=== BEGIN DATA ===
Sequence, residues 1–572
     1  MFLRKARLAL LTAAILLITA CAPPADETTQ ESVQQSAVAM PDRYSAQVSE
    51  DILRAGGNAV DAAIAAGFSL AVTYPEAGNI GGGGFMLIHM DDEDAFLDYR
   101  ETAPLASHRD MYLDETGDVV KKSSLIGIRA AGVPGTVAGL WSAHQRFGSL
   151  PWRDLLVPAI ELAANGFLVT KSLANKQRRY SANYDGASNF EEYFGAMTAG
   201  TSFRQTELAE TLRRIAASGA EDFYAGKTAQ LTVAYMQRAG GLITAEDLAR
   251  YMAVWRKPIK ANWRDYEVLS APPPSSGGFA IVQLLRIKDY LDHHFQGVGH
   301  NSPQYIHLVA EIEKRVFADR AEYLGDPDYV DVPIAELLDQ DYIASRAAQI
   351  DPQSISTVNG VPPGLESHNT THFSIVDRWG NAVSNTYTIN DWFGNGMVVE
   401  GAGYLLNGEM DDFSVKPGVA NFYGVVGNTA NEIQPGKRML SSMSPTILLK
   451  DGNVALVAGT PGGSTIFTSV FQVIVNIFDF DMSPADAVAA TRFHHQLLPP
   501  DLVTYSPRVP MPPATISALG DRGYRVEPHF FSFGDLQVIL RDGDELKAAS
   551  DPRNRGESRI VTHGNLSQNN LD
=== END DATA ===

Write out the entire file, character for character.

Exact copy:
Sequence, residues 1–572
     1  MFLRKARLAL LTAAILLITA CAPPADETTQ ESVQQSAVAM PDRYSAQVSE
    51  DILRAGGNAV DAAIAAGFSL AVTYPEAGNI GGGGFMLIHM DDEDAFLDYR
   101  ETAPLASHRD MYLDETGDVV KKSSLIGIRA AGVPGTVAGL WSAHQRFGSL
   151  PWRDLLVPAI ELAANGFLVT KSLANKQRRY SANYDGASNF EEYFGAMTAG
   201  TSFRQTELAE TLRRIAASGA EDFYAGKTAQ LTVAYMQRAG GLITAEDLAR
   251  YMAVWRKPIK ANWRDYEVLS APPPSSGGFA IVQLLRIKDY LDHHFQGVGH
   301  NSPQYIHLVA EIEKRVFADR AEYLGDPDYV DVPIAELLDQ DYIASRAAQI
   351  DPQSISTVNG VPPGLESHNT THFSIVDRWG NAVSNTYTIN DWFGNGMVVE
   401  GAGYLLNGEM DDFSVKPGVA NFYGVVGNTA NEIQPGKRML SSMSPTILLK
   451  DGNVALVAGT PGGSTIFTSV FQVIVNIFDF DMSPADAVAA TRFHHQLLPP
   501  DLVTYSPRVP MPPATISALG DRGYRVEPHF FSFGDLQVIL RDGDELKAAS
   551  DPRNRGESRI VTHGNLSQNN LD